BEND — A few weeks ago — and in much warmer weather — my husband and I set out to explore a new-to-us nature spot called Cline Buttes Recreation Area. We wanted to explore a particular section of Cline Buttes, dedicated to preserving historic canals.
Due to some confusing signs and probably a bit of user error, we started on the wrong path and never stepped foot on the trails of the historic canal area.
A few days after The Bulletin published the article about our quite lovely hike gone awry, Terry Holtzapple, an archaeologist from the Bureau of Land Management, called me. She asked if I would like to revisit the area, this time with a guide to make sure I got to the right spot.
I was game. So last week I bundled up and headed back out to the Cline Buttes area, which is about 20 minutes northwest of Bend.
Holtzapple and I met at the same trailhead parking lot where it all went wrong for me and my husband. But this time, instead of taking the trail next to the parking lot, we journeyed up the road a bit. On the right there was a small gate, which we opened. We ascended a small hill and — bam! — we were walking on the historic canals. Just like that.
Though we trekked through several inches of snow, temperatures were pleasant. Holtzapple said the area was at about 3,200 feet elevation and could get quite warm. I am going to keep the area in mind anytime I’m looking to get outside in the winter but don’t want to do a snow sport.
The mostly earthen, hand-built canals in the region were created in the early 1900s with the idea of irrigating more than 27,000 acres, according to Holtzapple. There was also a dam, which was supposed to hold a large reservoir of water. The dam is still in place.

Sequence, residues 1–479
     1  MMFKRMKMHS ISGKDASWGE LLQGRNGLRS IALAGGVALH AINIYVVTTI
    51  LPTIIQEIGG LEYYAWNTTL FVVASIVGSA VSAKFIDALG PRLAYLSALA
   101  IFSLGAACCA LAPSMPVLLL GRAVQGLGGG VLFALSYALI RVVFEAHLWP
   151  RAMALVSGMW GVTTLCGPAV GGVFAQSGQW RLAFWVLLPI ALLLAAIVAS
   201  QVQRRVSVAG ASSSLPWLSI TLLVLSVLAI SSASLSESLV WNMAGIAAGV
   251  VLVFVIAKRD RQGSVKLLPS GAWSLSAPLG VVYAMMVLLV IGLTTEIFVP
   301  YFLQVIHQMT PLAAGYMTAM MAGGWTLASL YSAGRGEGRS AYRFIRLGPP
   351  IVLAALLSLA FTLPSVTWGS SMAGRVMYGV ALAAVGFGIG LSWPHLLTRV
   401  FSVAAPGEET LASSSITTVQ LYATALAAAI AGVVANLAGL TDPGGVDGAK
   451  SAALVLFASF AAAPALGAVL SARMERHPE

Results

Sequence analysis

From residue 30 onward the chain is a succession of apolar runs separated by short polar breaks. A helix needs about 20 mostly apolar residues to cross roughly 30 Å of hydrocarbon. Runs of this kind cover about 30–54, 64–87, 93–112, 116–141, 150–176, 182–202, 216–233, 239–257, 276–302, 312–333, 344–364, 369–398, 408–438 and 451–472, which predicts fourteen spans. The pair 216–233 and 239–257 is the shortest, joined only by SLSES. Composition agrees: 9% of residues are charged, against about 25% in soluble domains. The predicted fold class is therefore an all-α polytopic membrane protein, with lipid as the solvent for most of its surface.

The reservoir, however, was not meant to be. Holtzapple explained that in 1915, the reservoir was about three-quarters full and doing well when suddenly the water began to drain. Reports came in of witnesses seeing a large whirlpool form inside the reservoir carrying the water down into the ground — as if the stopper had been taken out of the drain in the bathtub. A lava tube was the suspected culprit, Holtzapple says.
The Tumalo Irrigation District is still operational, however, and supplies water to about 8,000 acres, according to Holtzapple.
Some of the best preserved parts of the canals, including a cement raceway used to funnel the water uphill, are located in the Cline Buttes Recreation Area. They are within a fenced pedestrian-only segment where no off-road vehicles, bicycles or horses are allowed. In that respect, it differs from much of the rest of the recreation area, which allows those other uses.
Holtzapple said planners decided to close off the Tumalo canal area to other users in order to preserve the canals as much as possible. Some of the canals had been degraded due to overuse.
“This area was of critical concern because the canals are intact,” said Holtzapple. She says the BLM knew it could not protect the entire system, so chose to focus on this one portion.